Tired of playing the British prude, many of the country's top hotels have become brazenly sexy in their interior design. "Some blame the recession, some the increasing attractiveness of the British people, but whatever the cause, UK hotels are getting sexier," asserts Ben Cooper, Editorial Director of Travel Intelligence. "It seems you can't enter a suite these days without being greeted by an 8ft four poster or a roll top bath. As avid fans of the weekend away, we wholeheartedly support this trend."
Over in Hertfordshire, luxury hotel The Grove is now saucy enough to make the more coy blush. "Suite no 25 was designed to bring out the courtesan in anyone who stays there. It's quite 'boudoir' - but very grown up, with gorgeous antiques and a three-metre high bed," says Lucinda Buxton, hotel spokesperson who told me that the pale honey coloured walls is inspired by 1940s silk stockings.
"It is very tactile, with lots of silks and velvets, glass and crystal and the white ostrich feathers on the four-poster. It's incredibly private, even though it has fabulous views across the garden. The bathroom has a square glass bath-tub which was made to fit the space, and was designed so that the edge is actually the window sill, so that you can lean in the sill and look at the garden below and your loved one can see your bottom!"
Masterminded by Martin Hubert, Design Director of Fox Linton Associates, the suite, nicknamed "Seventh Heaven", features an antique 1930s bodysuit worn by both vixens Kylie and Madonna hangs in a wall cabinet.
Like The Grove, other country house hotels are re-thinking their marketing strategies; it's less about selling the rural setting, more about the sexy interior design. Windermere Studios in the Lake District is following this tactic.
"A picture-perfect rural setting belies this hotel’s luxe-contemporary interiors, all Philippe Starck furnishings, bathtubs big enough for two and a palette of platinum and mirrored surfaces." Cooper says of the retreat, "Basically Windermere Studios is made for the sexiest bath-times ever: there's mood lighting in them that can constantly change in rainbow hues."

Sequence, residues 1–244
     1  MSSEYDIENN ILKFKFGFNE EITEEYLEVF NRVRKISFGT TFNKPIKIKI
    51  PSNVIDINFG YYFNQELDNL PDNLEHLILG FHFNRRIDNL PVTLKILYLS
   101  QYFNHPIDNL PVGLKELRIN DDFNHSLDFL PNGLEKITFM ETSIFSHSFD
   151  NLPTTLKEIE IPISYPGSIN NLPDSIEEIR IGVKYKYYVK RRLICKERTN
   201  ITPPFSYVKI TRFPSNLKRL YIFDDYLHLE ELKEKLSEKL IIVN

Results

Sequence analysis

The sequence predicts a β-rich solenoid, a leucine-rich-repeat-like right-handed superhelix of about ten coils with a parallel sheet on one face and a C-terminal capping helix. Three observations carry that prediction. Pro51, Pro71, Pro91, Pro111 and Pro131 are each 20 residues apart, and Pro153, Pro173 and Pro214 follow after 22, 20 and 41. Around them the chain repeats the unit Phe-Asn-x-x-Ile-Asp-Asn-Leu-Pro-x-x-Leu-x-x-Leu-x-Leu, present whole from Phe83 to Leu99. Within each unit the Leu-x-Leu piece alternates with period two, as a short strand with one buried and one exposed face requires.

Meanwhile, over in Wiltshire, Lucknam Park – where Meg Ryan and Mick Jagger have stayed (separately, I hasten to add) – is popular with the more romantic types. "The sexiest feature of Lucknam Park is our Juliet Suite on the first floor." Harry Murray, hotel veteran and MD of Lucknam Park informs me, "It has a four poster bed and French windows onto the Romeo and Juliet balcony overlooking the lavender garden."
Then there's the country’s biggest shower in the great Dom Perignon suite at Henley's Hotel du Vin. Made up of two 24-inch wide shower heads, it is known as the party shower – big enough for eight people; it's got waterproof iPod speakers.
"Hotel du Vin Henley pushes the boundaries in terms of sexiness but does not the rock the boat with being overtly so," Client Director of The Massey Partnership Julia Perowne informed me. "It is sophisticated, yet young; it’s naughty without being dirty."
London is typically flirtatious in its offering. The most popular bedroom at the Portobello Hotel is the Round Room, so called because of its eight-foot circular canopied bed which Robbie Williams (allegedly) tried to buy. Designer Julie Hodgess is responsible for the hotel's eccentric and seductive designs; she installed an Edwardian bathing machine next to the round bed. Across town at The Berkeley, guests can swoon by the rooftop swimming pool, which overlooks the nights of Knightsbridge and is open in the evening for a romantic dip.
"Another golden oldie," adds Cooper "is the Hotel Pelirocco in Brighton and its infamous Durex play room with a round bed, mirrored ceiling and adult toy menu."
It's official, Britain has shed its reserved facade to become shamelessly provocative in its hotel offering. And the best bit? No pink petals on your pillow.Reuse content